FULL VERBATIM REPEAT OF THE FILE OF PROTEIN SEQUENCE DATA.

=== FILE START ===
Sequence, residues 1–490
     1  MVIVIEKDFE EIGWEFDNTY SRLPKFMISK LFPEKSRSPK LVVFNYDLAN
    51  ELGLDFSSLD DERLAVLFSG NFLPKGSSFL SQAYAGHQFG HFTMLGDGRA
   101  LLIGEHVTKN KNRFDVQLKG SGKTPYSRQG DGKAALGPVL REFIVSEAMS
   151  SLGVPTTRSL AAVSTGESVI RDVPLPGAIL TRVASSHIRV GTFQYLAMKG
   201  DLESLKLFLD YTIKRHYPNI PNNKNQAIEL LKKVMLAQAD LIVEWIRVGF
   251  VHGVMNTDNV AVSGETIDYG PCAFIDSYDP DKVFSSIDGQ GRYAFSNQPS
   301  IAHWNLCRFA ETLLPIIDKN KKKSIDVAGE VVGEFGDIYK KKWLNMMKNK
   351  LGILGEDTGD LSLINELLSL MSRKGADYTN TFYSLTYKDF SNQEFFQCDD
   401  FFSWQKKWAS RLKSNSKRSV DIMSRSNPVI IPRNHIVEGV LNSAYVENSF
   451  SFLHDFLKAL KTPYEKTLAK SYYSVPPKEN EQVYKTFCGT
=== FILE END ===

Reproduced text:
Sequence, residues 1–490
     1  MVIVIEKDFE EIGWEFDNTY SRLPKFMISK LFPEKSRSPK LVVFNYDLAN
    51  ELGLDFSSLD DERLAVLFSG NFLPKGSSFL SQAYAGHQFG HFTMLGDGRA
   101  LLIGEHVTKN KNRFDVQLKG SGKTPYSRQG DGKAALGPVL REFIVSEAMS
   151  SLGVPTTRSL AAVSTGESVI RDVPLPGAIL TRVASSHIRV GTFQYLAMKG
   201  DLESLKLFLD YTIKRHYPNI PNNKNQAIEL LKKVMLAQAD LIVEWIRVGF
   251  VHGVMNTDNV AVSGETIDYG PCAFIDSYDP DKVFSSIDGQ GRYAFSNQPS
   301  IAHWNLCRFA ETLLPIIDKN KKKSIDVAGE VVGEFGDIYK KKWLNMMKNK
   351  LGILGEDTGD LSLINELLSL MSRKGADYTN TFYSLTYKDF SNQEFFQCDD
   401  FFSWQKKWAS RLKSNSKRSV DIMSRSNPVI IPRNHIVEGV LNSAYVENSF
   451  SFLHDFLKAL KTPYEKTLAK SYYSVPPKEN EQVYKTFCGT